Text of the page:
The global outbreak of the COVID-19 coronavirus has people around the world concerned for their safety and well-being, which creates a natural environment for some people to try to exploit those fears for their own financial gain. On Monday, two federal consumer protection bodies announced efforts to combat such fleecing by sending warnings to multiple companies about selling "fraudulent" cures and means of prevention for the virus.
According to a news release issued Monday by the Food and Drug Administration, the FDA and the Federal Trade Commission sent letters to seven different companies "for selling fraudulent COVID-19 products." The release explained that the products in question are "unapproved drugs that pose significant risks to patient health and violate federal law" and that the agencies' letters are the first such warnings to go out amid the recent virus outbreak.
According to the FTC, the warning is for companies that are selling products such as essential oils, teas, and colloidal silver with claims that the products can either prevent or treat the disease. The FDA said that there are still no approved drugs or vaccines to treat or prevent the virus, and while "there are investigational COVID-19 vaccines and treatments under development," the agency added, "these investigational products are in the early stages of product development and have not yet been fully tested for safety or effectiveness."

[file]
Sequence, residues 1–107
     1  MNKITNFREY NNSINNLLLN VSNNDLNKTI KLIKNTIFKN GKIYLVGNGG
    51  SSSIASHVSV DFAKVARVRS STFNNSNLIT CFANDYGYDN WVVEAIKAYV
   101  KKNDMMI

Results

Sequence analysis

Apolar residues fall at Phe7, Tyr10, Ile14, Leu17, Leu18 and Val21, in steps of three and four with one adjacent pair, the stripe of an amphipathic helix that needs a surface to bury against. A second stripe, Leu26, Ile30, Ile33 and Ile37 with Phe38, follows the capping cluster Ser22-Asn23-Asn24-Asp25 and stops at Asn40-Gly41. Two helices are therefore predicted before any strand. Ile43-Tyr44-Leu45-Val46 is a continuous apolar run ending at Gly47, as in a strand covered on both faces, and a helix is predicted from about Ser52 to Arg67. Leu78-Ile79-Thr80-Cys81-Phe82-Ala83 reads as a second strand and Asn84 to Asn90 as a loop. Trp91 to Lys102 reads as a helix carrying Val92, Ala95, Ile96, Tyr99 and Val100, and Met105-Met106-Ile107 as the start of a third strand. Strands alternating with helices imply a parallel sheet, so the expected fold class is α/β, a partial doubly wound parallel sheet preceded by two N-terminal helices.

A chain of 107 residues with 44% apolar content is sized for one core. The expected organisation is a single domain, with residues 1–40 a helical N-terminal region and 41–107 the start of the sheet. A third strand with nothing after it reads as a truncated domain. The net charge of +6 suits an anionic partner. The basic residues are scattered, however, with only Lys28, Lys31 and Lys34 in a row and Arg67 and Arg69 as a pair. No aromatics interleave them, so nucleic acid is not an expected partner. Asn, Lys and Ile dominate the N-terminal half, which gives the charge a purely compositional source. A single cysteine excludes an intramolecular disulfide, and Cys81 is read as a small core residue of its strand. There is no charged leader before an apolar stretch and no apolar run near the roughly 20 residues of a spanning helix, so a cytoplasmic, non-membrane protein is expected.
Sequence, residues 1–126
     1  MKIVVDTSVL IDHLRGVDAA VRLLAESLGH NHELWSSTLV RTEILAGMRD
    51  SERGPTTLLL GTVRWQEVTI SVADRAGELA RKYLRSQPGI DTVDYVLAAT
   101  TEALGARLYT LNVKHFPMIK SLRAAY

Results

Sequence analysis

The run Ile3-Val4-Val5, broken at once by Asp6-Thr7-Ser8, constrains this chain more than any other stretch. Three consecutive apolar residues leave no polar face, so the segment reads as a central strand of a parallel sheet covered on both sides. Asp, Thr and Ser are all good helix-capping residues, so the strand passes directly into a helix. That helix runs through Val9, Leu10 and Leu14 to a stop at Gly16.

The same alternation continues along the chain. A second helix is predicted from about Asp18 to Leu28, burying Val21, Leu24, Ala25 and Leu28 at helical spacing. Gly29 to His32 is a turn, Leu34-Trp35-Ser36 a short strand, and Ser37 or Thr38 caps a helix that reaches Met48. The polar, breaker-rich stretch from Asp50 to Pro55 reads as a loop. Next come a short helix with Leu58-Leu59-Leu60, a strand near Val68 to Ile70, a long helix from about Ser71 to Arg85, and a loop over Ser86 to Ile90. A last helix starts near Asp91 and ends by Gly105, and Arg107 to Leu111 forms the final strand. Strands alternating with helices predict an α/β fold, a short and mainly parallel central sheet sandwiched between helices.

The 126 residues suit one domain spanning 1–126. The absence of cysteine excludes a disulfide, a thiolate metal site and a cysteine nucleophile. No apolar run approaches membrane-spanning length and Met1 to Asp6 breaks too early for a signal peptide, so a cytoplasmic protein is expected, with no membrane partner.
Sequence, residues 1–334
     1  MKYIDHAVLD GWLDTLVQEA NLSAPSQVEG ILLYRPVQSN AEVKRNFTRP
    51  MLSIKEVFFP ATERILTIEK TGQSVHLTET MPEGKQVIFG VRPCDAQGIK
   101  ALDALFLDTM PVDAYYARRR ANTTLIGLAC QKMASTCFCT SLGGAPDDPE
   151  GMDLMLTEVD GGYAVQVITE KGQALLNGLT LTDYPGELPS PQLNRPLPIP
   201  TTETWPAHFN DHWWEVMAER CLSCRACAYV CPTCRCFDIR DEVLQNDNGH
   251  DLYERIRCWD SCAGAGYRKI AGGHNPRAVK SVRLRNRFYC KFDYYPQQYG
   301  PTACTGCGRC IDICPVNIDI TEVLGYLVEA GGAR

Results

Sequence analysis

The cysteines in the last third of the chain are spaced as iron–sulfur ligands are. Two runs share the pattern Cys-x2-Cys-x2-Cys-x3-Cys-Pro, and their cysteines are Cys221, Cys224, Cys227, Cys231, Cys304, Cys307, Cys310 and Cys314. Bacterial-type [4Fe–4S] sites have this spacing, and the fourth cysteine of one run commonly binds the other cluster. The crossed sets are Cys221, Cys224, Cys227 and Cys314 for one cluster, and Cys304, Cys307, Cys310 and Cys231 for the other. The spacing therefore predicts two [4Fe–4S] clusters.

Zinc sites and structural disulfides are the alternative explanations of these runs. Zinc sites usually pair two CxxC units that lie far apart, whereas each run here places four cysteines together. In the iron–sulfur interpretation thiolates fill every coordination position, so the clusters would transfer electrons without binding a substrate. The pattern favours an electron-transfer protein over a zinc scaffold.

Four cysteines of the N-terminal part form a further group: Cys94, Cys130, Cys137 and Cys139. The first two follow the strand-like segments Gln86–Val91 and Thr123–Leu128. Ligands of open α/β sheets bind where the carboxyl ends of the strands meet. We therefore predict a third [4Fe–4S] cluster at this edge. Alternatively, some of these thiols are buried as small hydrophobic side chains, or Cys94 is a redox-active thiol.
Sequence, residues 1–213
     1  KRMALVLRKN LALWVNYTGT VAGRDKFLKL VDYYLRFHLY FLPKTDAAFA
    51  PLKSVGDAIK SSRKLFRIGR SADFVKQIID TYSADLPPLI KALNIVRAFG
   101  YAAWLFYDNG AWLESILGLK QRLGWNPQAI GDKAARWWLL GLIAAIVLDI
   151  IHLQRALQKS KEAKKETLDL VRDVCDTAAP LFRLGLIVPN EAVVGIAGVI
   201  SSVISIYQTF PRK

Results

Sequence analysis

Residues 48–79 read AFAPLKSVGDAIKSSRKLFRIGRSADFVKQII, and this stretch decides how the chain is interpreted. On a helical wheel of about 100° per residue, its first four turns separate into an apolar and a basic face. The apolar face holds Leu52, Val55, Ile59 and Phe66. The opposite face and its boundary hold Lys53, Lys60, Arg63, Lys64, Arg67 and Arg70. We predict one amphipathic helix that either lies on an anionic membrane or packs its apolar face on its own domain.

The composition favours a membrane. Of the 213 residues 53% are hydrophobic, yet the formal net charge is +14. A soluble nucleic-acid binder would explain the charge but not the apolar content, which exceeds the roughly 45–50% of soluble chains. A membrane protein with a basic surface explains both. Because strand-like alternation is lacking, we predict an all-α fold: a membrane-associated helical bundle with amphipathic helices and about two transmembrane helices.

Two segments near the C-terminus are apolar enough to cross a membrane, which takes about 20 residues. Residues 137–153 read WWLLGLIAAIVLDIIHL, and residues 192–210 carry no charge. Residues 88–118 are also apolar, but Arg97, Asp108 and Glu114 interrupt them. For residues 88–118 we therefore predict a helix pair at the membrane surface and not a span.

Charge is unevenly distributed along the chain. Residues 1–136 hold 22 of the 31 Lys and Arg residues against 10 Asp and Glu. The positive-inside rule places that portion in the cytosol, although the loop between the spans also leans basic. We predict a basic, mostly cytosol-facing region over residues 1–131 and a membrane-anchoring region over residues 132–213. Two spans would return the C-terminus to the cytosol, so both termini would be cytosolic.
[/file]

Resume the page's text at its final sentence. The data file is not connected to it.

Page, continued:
Furthermore, the FDA added that colloidal silver "is not safe or effective for treating any disease or condition," as explained in a final rule on the substance issued in 1999.
"The FDA considers the sale and promotion of fraudulent COVID-19 products to be a threat to the public health," FDA Commissioner Stephen Hahn said in the release. "We have an aggressive surveillance program that routinely monitors online sources for health fraud products, especially during a significant public health issue such as this one."
Hahn added that while people's concerns about the ongoing global outbreak of the new coronavirus are understandable, he urged them to "talk to their health care providers, as well as follow advice from other federal agencies about how to prevent the spread of this illness."
The agencies say the joint warning letters went out to companies Vital Silver, Quinessence Aromatherapy Ltd., Xephyr LLC doing business as N-Ergetics, GuruNanda LLC, Vivify Holistic Clinic, Herbal Amy LLC, as well as "The Jim Bakker Show" — a televangelism program also known for selling emergency food buckets to help viewers prepare for the end of days.
In a statement, FTC Chairman Joe Simons said that the letters "are just the first step" against companies accused of peddling faux coronavirus remedies. "We're prepared to take enforcement actions against companies that continue to market this type of scam."
"There already is a high level of anxiety over the potential spread of coronavirus," Simons said. "What we don't need in this situation are companies preying on consumers by promoting products with fraudulent prevention and treatment claims."
The letters argue that the coronavirus cure claims could put the warned companies in violation of federal law and that if they continue, the FTC could seek a court injunction and order mandating that they refund money to consumers.